Joint tenancy with right of survivorship - A legal way to own property in joint names with two or more people. Each person has an automatic ownership right to the property after the death of an owner. This way of owning property avoids probate but may produce unintended legal results and undesirable taxes.

Living trust - A trust created during lifetime. A living trust may be revocable or irrevocable.

Living Will - Allows you to state certain health care wishes. The Living Will deals with the use of life support systems where you have no reasonable expectation of recovery and are not competent to make your own health care decisions.

Marital deduction - The unlimited amount of assets that can be transferred from one spouse to another during life or at death of the first spouse without incurring and gift or estate tax costs.

Pour-over Will - A Will that transfers property owned by you at your death to a trust. There must be a pre-existing trust to receive these assets. The Will "pours over" assets to the trust by use of the probate transfer process. A pour-over Will can be used with a revocable living trust to sweep up any assets that may not have been transferred to the trust during lifetime.

Power of attorney - A document that authorizes another person to act for you. A power of attorney terminates at death.

Probate process - a court proceeding to determine that the Will submitted to the court is valid. Through the probate process, assets are collected and inventoried, claims of creditors are paid, and the balance is distributed to those persons named in the Will. Only property that is individually owned by a person at the time of his or her death goes through the probate process.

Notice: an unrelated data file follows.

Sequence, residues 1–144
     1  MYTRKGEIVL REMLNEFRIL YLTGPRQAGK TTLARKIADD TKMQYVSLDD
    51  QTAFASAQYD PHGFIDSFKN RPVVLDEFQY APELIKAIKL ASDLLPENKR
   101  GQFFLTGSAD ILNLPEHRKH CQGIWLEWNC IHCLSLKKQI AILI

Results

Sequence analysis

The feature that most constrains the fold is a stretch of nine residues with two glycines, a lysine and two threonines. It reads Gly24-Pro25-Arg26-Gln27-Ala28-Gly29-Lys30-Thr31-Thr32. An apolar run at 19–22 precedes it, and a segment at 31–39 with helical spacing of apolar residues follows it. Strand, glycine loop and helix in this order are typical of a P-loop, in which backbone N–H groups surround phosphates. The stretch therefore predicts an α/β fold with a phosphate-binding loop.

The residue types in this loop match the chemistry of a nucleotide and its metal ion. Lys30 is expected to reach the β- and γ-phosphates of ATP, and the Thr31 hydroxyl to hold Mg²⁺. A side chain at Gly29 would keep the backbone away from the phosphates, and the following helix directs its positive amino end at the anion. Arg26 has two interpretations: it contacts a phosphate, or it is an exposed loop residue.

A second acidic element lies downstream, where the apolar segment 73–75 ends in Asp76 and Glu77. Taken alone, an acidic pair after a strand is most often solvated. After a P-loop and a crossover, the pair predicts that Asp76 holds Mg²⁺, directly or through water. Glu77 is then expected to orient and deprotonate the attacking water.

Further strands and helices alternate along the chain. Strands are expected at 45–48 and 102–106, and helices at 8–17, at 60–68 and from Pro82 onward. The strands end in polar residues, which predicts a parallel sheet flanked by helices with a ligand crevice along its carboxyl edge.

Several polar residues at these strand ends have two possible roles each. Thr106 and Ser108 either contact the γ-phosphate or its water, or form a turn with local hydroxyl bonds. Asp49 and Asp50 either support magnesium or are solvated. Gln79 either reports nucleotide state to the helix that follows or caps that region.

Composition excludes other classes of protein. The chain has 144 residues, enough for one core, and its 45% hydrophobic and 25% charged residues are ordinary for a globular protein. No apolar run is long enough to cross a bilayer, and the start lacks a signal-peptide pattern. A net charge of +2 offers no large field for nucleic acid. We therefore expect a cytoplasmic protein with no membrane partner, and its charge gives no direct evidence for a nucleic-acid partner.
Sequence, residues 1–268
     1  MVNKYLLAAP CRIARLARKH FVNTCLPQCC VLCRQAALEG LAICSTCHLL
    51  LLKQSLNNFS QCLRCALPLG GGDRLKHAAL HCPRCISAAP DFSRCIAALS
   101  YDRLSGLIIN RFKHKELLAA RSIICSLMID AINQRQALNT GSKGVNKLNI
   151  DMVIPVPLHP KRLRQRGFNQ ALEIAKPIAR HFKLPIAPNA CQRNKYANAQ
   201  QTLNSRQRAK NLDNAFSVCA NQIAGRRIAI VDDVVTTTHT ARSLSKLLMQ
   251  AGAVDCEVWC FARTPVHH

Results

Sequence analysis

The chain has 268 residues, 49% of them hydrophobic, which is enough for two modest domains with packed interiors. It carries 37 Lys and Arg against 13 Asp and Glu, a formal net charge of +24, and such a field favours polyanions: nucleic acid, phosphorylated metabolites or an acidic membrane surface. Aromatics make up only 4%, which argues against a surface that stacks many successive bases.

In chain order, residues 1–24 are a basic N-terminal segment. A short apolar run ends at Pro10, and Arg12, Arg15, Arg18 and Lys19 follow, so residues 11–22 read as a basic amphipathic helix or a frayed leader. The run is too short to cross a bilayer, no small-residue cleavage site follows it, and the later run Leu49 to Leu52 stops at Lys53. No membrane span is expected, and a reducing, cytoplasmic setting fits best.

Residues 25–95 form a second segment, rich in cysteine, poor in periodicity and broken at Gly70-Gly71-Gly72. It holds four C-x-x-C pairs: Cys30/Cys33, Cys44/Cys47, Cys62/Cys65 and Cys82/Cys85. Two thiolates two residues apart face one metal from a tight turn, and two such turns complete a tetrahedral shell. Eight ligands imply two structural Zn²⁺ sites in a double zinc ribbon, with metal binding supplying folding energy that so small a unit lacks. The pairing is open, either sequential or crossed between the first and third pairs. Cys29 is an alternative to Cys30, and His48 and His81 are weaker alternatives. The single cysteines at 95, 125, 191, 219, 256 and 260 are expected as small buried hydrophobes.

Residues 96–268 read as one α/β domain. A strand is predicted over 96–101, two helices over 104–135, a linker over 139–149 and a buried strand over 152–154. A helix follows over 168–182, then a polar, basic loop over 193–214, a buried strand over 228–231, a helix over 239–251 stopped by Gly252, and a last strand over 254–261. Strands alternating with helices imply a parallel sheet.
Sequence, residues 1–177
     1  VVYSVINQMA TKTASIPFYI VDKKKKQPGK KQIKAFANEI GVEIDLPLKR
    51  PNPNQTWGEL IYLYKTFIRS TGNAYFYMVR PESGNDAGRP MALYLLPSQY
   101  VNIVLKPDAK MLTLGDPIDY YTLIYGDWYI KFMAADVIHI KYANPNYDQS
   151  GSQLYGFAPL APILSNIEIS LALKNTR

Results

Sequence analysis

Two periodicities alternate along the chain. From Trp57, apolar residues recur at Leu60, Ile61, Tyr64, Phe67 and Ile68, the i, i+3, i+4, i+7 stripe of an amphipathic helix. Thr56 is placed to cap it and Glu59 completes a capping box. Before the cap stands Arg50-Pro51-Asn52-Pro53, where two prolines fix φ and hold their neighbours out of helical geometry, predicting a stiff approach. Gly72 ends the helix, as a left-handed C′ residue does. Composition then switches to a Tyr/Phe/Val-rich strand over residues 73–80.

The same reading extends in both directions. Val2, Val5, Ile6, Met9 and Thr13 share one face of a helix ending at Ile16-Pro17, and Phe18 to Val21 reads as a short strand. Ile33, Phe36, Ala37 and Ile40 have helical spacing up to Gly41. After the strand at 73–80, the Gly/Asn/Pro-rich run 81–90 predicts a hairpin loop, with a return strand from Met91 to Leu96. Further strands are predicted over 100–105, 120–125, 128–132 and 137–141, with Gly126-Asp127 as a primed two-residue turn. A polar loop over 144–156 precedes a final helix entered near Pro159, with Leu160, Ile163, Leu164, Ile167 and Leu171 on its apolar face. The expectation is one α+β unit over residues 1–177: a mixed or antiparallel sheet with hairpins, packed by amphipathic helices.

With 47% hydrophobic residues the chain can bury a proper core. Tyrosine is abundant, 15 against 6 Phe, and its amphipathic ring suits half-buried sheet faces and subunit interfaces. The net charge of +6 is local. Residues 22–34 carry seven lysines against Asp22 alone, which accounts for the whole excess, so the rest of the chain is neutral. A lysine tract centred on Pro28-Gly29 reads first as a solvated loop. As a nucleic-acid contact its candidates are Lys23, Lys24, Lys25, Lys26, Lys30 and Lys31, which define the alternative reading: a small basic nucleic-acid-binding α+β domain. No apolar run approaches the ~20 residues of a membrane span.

Revocable trust - a trust that can be terminated or modified.

Testamentary trust - a trust that is created under a Will and becomes effective upon death.

Trust - A trust is created when one holds property for the benefit of another. The person who creates the trust is called a grantor. The person who holds and manages the property in the trust is called a trustee, and the person who benefits from the trust is called a beneficiary. The trustee holds legal title to the property and the beneficiary holds equitable or beneficial title to the property. The trust agreement specifies the powers and duties of the trustee, the rights of the beneficiaries, and the rights retained by the grantor. A trust can be used for many purposes such as providing support for spouses and children, avoiding probate, and reducing estate taxes.

Testator - A maker of a Will (masculine)

Testatrix - A maker of a Will (feminine)

Trustee - The person who manages and administers a trust.

Will - A Will is a legal document that transfers property at a person's death to designated beneficiaries. A Will becomes effective upon the death of its maker, and until the death or incapacity of the maker, a Will may be modified or revoked.




The information in this site is for general purpose only.
You should consult a qualified professional for specific recommendations appropriate to your individual situation.